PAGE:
5 Things to Know About the Families First Coronavirus Response Act - After it was introduced on March 11, passed by the U.S. House of Representatives on March 14 and by the Senate on March 18 — President Donald Trump signed the Families First Coronavirus Response Act into law. The bill provides paid sick leave requirements and paid family leave requirements...Read More 

How to Protect Your Business During the Coronavirus Outbreak - It’s too soon to make it official, but Charlie Hall, professor and Ellison Chair in International Floriculture at Texas A&M says the country is likely in a recession. In a March 23 webinar hosted by AmericanHort, he discussed strategies that green-industry firms should adopt to successfully weather this situation...Read More

Survey reveals coronavirus impact on the ornamental horticulture industry - Sales for ornamental growers are expected to be down around 50% this year with some expecting a far greater fall in sales. Ninety-six percent of countries responding predict their industry...Read More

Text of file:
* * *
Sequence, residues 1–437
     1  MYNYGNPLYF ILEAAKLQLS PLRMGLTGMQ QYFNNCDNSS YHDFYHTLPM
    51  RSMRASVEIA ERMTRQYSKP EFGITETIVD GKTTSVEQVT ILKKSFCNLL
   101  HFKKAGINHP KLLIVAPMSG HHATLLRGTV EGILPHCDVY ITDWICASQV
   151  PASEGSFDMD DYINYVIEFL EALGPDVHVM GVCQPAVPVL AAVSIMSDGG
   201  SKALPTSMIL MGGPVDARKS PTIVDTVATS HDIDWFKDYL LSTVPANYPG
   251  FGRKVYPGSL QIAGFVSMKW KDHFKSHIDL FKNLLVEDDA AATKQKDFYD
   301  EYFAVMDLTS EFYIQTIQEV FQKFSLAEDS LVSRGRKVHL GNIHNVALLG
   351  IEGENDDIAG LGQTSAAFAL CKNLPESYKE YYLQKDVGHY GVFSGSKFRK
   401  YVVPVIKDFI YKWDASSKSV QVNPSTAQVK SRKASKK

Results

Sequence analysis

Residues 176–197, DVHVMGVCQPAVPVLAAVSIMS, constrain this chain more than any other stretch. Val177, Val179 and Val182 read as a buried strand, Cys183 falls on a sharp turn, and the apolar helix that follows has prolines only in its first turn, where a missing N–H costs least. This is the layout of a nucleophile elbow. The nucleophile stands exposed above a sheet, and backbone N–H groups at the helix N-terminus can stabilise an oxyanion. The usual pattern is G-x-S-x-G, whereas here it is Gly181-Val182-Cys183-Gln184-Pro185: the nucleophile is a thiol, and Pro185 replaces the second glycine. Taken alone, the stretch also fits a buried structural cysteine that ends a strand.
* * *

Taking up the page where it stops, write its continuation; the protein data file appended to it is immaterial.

Greenhouses Brace for Coronavirus Impact - The green industry is feeling the effects of the coronavirus pandemic, with events like the California Spring Trials canceled, other events pushed back and the day-to-day of life changed. Businesses are feeling it too...Read More

Lawn & Landscape Early Survey Results - Lawn & Landscape sent a survey on March 20 to our readers. These numbers were collected the evening of March 23 after approximately 1,300 people responded. We plan on sending a similar survey out in a couple...Read More

AmericanHort Outlines How Businesses Can Navigate COVID-19 - AmericanHort is working hard to help all businesses involved in horticulture, including greenhouse growers, retailers, nurseries, and others, deal with the fallout of the coronavirus (COVID-19). Read More

Keeping Up With the Numbers - Greg Herring knows the numbers tell a story, and when it comes to COVID-19, the numbers only continue to get more daunting. Herring, the founder and CEO of The Herring Group, a consultant company, hosted a free webinar...Read More